Jane’s Fame – Praise and Pewter (Chapter Two)

When I set myself the task of reading two chapters a week of Jane’s Fame, I thought it would be easy. However, I have found myself at the end of a chapter without any real idea what I was reading. I haven’t been able to focus. This is in part because the book is such an easy read, but mostly because I’m just lazy. Anyway, here are my thoughts on Chapter Two.

Chapter Two is about the business of publishing and writing. James Edward Austen Leigh (in his memoir) believed Austen wasn’t distressed about her lack of early success.

I do not think that she herself was much mortified by the want of early success. She wrote for her own amusement. Money, though acceptable, was not necessary for the moderate expenses of her quite home.

She was, however, mortified she did want to make money and she wasn’t writing for her own amusement.

Tho’ I like praise as well as anybody, I like what Edward calls pewter too.

There is a prevailing idea that Austen had two creative phases separated by a period of silence (while living in Bath). Harman disagrees she just thinks there isn’t any documentation. She thinks Austen might still have been trying to get her work published and being rejected.

The move to Bath bought the family into closer contact with the book world – easier access to book sellers and printers. It was through a book seller she came into contact with Crosby who bought Susan for £10. This sale came at a good time in Austen’s life to justify her aspirations as a writer. She had just rejected Harris Bigg-Wither (a very eligible young man). However, the novel appeared. In 1809 a novel called Susan was published anonymously. Austen must have thought it was hers. Alas, like First Impressions her title was pre-empted. She wrote to Crosby to try to speed the publication. His son replied that they had never guaranteed publication and she could purchase it back for £10. This was a huge sum to Austen – her yearly allowance was £10. Of course to her brothers, Henry and Edward, this was a paltry amount, but her pride both personal and professional would not let her borrow money.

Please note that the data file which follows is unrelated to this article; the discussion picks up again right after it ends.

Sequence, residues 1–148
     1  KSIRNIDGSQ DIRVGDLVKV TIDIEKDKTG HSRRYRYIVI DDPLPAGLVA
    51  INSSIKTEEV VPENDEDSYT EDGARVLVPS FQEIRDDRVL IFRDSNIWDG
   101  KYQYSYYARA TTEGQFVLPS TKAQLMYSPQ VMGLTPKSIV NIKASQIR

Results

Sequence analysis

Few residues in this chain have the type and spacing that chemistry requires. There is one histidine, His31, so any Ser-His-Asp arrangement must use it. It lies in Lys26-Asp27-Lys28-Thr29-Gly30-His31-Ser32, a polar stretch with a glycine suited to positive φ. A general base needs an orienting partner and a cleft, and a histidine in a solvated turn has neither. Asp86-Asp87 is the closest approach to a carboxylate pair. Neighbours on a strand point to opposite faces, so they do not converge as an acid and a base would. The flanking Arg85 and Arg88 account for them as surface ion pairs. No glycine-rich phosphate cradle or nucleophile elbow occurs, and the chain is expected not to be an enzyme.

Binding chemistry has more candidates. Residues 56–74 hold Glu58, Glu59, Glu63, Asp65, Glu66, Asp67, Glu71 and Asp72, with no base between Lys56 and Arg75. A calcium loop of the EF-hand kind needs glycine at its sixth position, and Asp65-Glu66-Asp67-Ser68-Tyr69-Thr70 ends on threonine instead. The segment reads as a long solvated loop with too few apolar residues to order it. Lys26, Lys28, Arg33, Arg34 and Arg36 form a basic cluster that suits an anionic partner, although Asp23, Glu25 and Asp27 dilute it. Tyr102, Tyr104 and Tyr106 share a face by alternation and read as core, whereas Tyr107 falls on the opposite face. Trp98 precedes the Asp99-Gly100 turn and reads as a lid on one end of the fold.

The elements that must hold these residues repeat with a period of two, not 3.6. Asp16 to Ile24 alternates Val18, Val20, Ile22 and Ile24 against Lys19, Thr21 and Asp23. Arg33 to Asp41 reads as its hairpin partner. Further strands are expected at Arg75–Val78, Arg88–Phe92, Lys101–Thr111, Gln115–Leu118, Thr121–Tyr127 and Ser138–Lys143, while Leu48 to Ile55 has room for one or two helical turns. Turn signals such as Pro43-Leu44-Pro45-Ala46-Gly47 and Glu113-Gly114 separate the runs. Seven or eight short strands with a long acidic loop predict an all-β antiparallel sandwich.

Harman also writes about the method of publication of each novel:

Sense and Sensibility by commission (Egerton paying all of the costs and receiving 10% Austen liable for all of the costs)

Pride and Prejudice she sold the copyright (for £110)

Mansfield Park by commission

She then swapped from Egerton to John Murrary (the publisher of Lord Byron).

Emma by commission.

I was fascintated to discover that Mansfield Park was the most successful finacially for Austen.

There is also information in this chapter on the reviews that appeared immediately after the novels were published. For example, about Pride and Prejudice

this performance … rises very superior to any novel we have lately meet with in the delineation of domestic scenes.

And also opinions Austen collected from family and friend. For example,

Mrs Austen thought the heroine [Fanny Price] insipid

Austen wrote The Plan of a Novel, according to hints from various quarters as a private (and satirical) response to all of the advice and opinions. Particularly from James Stanier Clarke the Prince Regent’s Librarian (who had many story ideas).

There is also a bit of information about the reworking of the resolution of the love story in Persuasion.

Next chapter: Mouldering in the Ground

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